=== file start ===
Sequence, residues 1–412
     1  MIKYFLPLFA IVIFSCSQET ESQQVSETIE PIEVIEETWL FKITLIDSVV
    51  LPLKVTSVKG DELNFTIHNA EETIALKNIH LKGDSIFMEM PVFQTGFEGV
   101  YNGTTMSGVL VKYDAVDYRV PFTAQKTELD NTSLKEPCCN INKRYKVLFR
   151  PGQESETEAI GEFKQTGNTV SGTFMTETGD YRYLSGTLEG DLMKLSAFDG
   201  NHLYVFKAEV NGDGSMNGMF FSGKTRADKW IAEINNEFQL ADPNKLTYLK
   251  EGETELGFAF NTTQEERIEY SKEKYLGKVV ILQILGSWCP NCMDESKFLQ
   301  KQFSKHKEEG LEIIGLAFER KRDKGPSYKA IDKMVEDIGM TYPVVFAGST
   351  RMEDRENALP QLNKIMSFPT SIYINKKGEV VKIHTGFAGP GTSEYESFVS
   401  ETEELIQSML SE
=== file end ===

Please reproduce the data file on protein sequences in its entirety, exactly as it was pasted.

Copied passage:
Sequence, residues 1–412
     1  MIKYFLPLFA IVIFSCSQET ESQQVSETIE PIEVIEETWL FKITLIDSVV
    51  LPLKVTSVKG DELNFTIHNA EETIALKNIH LKGDSIFMEM PVFQTGFEGV
   101  YNGTTMSGVL VKYDAVDYRV PFTAQKTELD NTSLKEPCCN INKRYKVLFR
   151  PGQESETEAI GEFKQTGNTV SGTFMTETGD YRYLSGTLEG DLMKLSAFDG
   201  NHLYVFKAEV NGDGSMNGMF FSGKTRADKW IAEINNEFQL ADPNKLTYLK
   251  EGETELGFAF NTTQEERIEY SKEKYLGKVV ILQILGSWCP NCMDESKFLQ
   301  KQFSKHKEEG LEIIGLAFER KRDKGPSYKA IDKMVEDIGM TYPVVFAGST
   351  RMEDRENALP QLNKIMSFPT SIYINKKGEV VKIHTGFAGP GTSEYESFVS
   401  ETEELIQSML SE